This is supposed to be what Davis is good at. From 2020-2022, Davis had the second-highest yards per-reception in the NFL, only behind Henry Ruggs.
A bomb 75-yard touchdown against the Kansas City Chiefs. A 98-yard catch-and-run touchdown against the Pittsbrugh Steelers. Another 62-yard touchdown against the Steelers the same day, wrestling the ball away from Minkah Fitzpatrick.
These were the plays we thought of Davis for.
Where have those Davis plays gone? Why, especially in the last six weeks, does Davis have fewer explosive plays than Khalil Shakir, the Bills' slot receiver?
A multitude of reasons could be the culprit.
Teams are paying more respect to Davis as a threat, and make sure to have a safety over the top when he runs deep is the most likely.
Another is Davis does not have burner speed, and regression in his down-field game was always inevitable. In fact, Davis ran a 4.54 at the combine, which is in the 37th percentile for receivers.
A little of it is his fault, as when he gets that one chance to earn more chances, he's not helping his cause.
Allen should not have thrown this pass highlighted above, but it's a bad route by Harty. He's doing nothing to help the situation, rounding out his route, making it easy for the corner to read it and jump it.
A microcosm of all of the above is this interception Allen threw just before the half versus Denver.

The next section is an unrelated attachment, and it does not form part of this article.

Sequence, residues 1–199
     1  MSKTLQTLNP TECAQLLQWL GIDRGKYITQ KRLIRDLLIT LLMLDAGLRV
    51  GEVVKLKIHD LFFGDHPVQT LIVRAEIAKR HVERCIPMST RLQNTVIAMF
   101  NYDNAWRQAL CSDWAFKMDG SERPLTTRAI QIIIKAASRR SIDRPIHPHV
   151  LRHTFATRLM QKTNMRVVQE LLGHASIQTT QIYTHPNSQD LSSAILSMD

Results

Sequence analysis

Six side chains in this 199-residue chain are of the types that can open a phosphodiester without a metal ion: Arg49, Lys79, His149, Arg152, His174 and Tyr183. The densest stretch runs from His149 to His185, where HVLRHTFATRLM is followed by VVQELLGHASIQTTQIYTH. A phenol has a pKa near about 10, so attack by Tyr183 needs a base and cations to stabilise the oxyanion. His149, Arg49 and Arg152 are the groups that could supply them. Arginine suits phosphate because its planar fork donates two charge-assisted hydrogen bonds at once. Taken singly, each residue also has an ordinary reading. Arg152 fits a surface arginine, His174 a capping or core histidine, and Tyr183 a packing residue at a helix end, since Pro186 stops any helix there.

You have a quarterback with a bazooka attached to his right shoulder that wants to push the envelope. He wants to go after the defense and take off big chunks at a time, because he can as well as anyone.
At the same time, you have a simplistic route design that presents no creativity thanks to a plain coordinator in Dorsey, and you have receivers that are not good at getting open deep.
It's not a coincidence that as the Bills' big plays have gone away, the turnovers have gone up and the point totals have gone down.
Bills head coach Sean McDermott can say until he's blue in the face that Allen needs to be smart and take what is given to him, but if you know Allen well enough, you know that is never going to happen.
The Bills have one choice to get back to the elite offense they once had: Get guys open down the field for Allen to throw to, because he'll do it anyway.
Do it by hiring a coordinator that can push safeties away and open up holes past 20 yards. Do it by drafting or signing speedy receivers that can get open themselves.
The only way it's happening this year is if Brady is to Dorsey, as Don Granato was to Ralph Krueger for you Buffalo Sabres fans.
However the Bills do it, they need to do it. Bring back the big play.